The year is 2098. Three mega-corporations control the world and battle each other for supremacy. The general populace huddles in virtual worlds to escape reality, while employees of the companies use that same virtual technology to battle each other in four man tactical warfare. Sound intriguing? Well, forget all of that, because none of it matters.
Fray has a deep backstory and, in many games, that’s a great thing. Having a rich background for the gameplay is wonderful. But Fray is not a story-driven game. It is a turn-based tactical online multiplayer-only game. So, while the history is there, it means absolutely nothing when you are playing against another human, which is all you can do.
Fray takes the simultaneous turn-based action gameplay that Frozen Synapse used so successfully and runs with it, adding on a few twists. Each player chooses their moves during the orders phase, and then every unit’s commands are executed at the same time during the resolution phase. Combat is either one-on-one, two-on-two or free-for-all and the first team to seven kills wins. When a unit is killed, it stays dead for one turn before respawning at either a random or chosen spawn point.
Your squad is a four-man team made from six classes, though you can only choose one of each class. The Shadow can camouflage himself and sneak-attack enemies, but can’t take much damage. The Tank is slow, but can dish out the damage and take plenty of it in return, though with a short effective range. The Assault is your standard evenly-balanced unit, while the Sniper can shoot quite the distance but needs to be protected. There’s also a Support class that can set up defenses, turrets and rearm your other troops and a Medic who can heal your team. As you play more games, you’ll earn credits and experience points which can be used to buy new things for your troops and customize them to your desire.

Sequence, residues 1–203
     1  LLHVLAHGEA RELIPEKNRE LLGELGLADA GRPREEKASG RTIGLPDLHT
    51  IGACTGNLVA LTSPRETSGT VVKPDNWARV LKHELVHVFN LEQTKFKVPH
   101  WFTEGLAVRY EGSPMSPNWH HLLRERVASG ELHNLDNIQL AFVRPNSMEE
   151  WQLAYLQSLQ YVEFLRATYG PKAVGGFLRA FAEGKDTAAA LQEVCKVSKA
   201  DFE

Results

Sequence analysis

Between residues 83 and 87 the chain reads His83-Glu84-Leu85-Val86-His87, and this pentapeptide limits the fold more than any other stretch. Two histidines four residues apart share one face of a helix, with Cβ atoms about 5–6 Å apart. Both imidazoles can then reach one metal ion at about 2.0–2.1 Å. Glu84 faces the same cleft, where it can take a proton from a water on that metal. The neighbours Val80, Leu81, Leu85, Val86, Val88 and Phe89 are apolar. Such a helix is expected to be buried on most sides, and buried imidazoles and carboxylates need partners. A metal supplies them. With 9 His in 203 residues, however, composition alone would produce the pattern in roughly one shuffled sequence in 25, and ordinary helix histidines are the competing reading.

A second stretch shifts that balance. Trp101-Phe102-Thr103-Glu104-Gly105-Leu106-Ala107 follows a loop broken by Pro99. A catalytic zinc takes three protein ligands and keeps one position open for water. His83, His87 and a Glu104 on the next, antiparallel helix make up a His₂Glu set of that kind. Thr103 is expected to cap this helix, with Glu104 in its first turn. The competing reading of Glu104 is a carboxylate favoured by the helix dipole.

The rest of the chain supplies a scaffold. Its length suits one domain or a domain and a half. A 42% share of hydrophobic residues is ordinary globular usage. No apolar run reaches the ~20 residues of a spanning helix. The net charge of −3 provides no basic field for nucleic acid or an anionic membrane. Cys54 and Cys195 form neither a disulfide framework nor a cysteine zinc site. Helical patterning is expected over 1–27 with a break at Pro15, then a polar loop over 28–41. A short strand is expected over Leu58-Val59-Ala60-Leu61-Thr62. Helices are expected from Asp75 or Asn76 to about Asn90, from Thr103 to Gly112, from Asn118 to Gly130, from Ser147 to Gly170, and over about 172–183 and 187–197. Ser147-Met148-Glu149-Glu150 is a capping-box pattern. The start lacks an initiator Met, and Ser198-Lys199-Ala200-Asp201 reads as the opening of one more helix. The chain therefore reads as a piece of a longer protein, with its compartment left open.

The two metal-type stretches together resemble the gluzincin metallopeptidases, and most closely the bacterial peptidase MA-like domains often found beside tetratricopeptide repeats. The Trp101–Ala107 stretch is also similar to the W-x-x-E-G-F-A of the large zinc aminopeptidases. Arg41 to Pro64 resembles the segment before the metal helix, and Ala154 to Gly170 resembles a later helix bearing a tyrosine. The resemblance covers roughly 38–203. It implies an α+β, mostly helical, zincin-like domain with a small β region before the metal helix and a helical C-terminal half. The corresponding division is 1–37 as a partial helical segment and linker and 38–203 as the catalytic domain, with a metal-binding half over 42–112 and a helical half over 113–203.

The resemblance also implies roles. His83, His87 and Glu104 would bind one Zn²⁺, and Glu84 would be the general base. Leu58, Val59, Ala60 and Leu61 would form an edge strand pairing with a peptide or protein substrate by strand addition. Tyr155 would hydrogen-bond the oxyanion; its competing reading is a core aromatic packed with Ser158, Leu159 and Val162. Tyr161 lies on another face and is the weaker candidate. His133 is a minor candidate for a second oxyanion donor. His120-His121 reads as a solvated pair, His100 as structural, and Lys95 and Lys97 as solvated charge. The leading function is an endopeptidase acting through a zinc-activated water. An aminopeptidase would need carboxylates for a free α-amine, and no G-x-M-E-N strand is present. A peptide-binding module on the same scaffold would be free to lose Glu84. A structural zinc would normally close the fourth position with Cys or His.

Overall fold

All of this sounds great and promising, but unfortunately it never lives up to this promise. This is a broken, buggy mess of a release. It’s hard to believe that it was actually tested before its release on Steam. During any given match, it may crash on you. Though this seems to happen more often with 4-player games, it will happen at least once per session. Sometimes the game will load just fine for one person, while getting stuck on the loading screen for the other.
Assuming you can get a game to load for everyone and start playing, it isn’t uncommon for units killed in battle to get stuck dead and unable to respawn. In at least one game, this happened to three of a player’s units. Mind you, you only get four of them. Powers often won’t unlock when they should, and sometimes a unit doesn’t do as it was commanded. Other times, you just can’t order a unit to do anything so they sit there useless for a turn. Oh yeah, and as of right now, if you are running a 32-bit operating system, you can’t even boot up the game.
The graphics look fine, but the camera is absolutely awful. It will often change its angle for no reason, and is very finicky, making it difficult to know exactly where your troops are in relation to each other if you split your squad.
Remember how I mentioned that this is a multiplayer-only game? Well, the important thing to remember about that type of game is that if there isn’t anyone to play with, you can’t play it yourself. And less than two weeks after release, I’ve yet to see more than 15 people online at any given time. Even if the game was playable, there’s almost no one to play with. I once sat there for an hour waiting for someone to join my one-on-one game so we could play.
This is essentially an alpha build of a game that should never have been released to the public in this state. While it’s possible that it will get sorted out eventually, at this time, I just can’t recommend that anyone buy it. If you want this genre of game, pick up Frozen Synapse.
Pros: interesting backstory, good ideas
Cons: bugs, bugs, bugs, bad execution of a good idea